Dec. 3 (Bloomberg) -- Ivory Coast’s Constitutional Court challenged the authority of the country’s electoral commission to proclaim the results of Nov. 28 presidential election, after it named opposition leader Alassane Ouattara as the winner.
Ouattara won 54.1 percent, or 2.5 million votes, while President Laurent Gbagbo received 45.9 percent, or 2.1 million, Youssouf Bakayoko, president of the electoral commission, said in a statement handed to reporters yesterday at a hotel in Abidjan, which Ouattara had been using as his campaign base. Voter turnout was 81.1 percent, Bakayoko said.
The commission “is not capable of giving the results” after it missed a deadline to announce the outcome within three days of the election, said Paul Yao N’Dre, president of the Constitutional Court, in a statement broadcast on state-controlled Radiodiffusion Television Ivoirienne. Both candidates traded accusations of intimidation and fraud on election day, which N’Dre said the court wanted to investigate before proclaiming its own outcome within the next seven days.
The United Nations “welcomed the announcement of the provisional results,” according to a statement published on the UN’s website. The current president of the Security Council, U.S. ambassador Susan Rice, said the commission’s declaration is “a crucial step for ensuring the validity and integrity of the electoral process.”
The election was meant to unite the world’s top cocoa grower, which has been divided into a rebel-held north and government-controlled south since a 2002 uprising. Supporters of Gbagbo, 65, hold Ouattara, 68, responsible for the revolt; a charge he denies. The rebels say they attempted to seize power because northerners were treated as second-class citizens.
Cocoa for March delivery climbed 31 pounds ($49), or 1.6 percent, to 1,954 pounds as of 10:15 a.m. in London, adding to yesterday’s gain of 3.2 percent.
“I ask all Ivorians, whether they voted for me or not, to face the challenges ahead together,” said Ouattara, a former prime minister and ex-deputy managing director of the International Monetary Fund, in an e-mailed statement yesterday.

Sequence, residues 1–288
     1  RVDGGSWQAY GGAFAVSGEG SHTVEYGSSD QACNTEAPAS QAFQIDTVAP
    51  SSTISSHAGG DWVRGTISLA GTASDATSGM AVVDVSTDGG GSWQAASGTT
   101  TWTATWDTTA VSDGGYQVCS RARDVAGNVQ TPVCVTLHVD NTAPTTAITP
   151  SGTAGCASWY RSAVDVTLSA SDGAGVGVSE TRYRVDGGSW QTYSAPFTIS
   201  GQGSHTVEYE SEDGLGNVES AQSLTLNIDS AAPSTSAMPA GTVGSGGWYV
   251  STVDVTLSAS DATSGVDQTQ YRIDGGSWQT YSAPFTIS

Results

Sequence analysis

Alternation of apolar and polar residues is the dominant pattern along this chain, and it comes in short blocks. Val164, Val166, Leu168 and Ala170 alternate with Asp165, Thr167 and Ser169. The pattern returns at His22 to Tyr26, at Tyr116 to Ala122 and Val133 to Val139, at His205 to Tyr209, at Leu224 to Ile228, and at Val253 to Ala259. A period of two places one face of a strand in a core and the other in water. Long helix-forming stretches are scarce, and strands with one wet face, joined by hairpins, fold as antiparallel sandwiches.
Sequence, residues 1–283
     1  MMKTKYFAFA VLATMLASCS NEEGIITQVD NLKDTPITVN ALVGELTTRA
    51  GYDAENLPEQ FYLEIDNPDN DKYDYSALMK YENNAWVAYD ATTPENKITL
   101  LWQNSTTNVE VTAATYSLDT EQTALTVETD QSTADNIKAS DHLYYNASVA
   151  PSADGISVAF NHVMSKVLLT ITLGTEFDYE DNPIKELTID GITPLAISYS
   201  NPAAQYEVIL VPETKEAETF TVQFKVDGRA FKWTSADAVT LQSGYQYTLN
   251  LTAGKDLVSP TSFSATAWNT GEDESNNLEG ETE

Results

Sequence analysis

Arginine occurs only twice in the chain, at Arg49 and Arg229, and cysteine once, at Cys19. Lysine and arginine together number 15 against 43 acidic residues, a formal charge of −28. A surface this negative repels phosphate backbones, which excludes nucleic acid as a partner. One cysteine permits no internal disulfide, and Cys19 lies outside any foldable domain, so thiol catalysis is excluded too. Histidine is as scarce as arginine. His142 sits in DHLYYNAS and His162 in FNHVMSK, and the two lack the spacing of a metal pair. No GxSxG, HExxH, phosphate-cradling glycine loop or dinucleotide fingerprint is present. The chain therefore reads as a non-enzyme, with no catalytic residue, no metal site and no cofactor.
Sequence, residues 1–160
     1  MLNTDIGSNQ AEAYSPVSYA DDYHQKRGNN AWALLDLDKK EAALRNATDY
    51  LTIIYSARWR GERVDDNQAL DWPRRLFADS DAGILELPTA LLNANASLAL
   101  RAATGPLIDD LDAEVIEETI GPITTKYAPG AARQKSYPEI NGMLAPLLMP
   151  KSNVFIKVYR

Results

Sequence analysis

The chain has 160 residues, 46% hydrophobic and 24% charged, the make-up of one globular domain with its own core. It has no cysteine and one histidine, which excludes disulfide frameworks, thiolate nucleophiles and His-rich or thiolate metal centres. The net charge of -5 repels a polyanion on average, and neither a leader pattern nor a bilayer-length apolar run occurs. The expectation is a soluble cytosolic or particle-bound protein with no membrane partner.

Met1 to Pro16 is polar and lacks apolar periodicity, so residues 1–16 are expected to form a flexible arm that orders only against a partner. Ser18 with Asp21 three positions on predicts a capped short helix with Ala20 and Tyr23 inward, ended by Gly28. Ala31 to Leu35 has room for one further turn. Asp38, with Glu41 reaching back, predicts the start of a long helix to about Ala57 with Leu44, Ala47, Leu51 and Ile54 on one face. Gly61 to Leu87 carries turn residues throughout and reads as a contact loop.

Growth has averaged 1.1 percent in the eight years since the conflict started as the cocoa-dependent country missed out on the wave of foreign investment in Africa from nations such as China.
There is concern over whether “the stand-off will play out within the institutional framework, or will it move over on to the streets,” said Hannah Koep, Africa analyst with London-based Control Risks, in a phone interview yesterday.
The campaign was marred by violence that left several dead, including at least six people who were killed late on Dec. 1 at a Ouattara party office when unidentified gunmen entered the facility and opened fire.
“There is a very strong possibility that if things are not settled within the next couple of weeks, we could see an all-out breakout of violence,” said Oswald Felli, head of security and violent risk assessments with New York-based DaMina Advisors. Regional leaders, including Ghana’s President John Atta Mills and Burkina Faso leader Blaise Compaore may need to “push for a unity government with Ouattara as the number one, but with Gbagbo retaining some powers,” Felli said in a phone interview.
The International Criminal Court said it was monitoring the situation in Ivory Coast and that it would scrutinize all reported acts of violence.
“In light of recent clashes, I urge supporters of the candidates and security forces to refrain from violence,” Fatou Bensouda, the court’s deputy prosecutor, said in an e-mailed statement. “I encourage the political leaders to call on their supporters and fellow citizens to show restraint and avoid unrest.”
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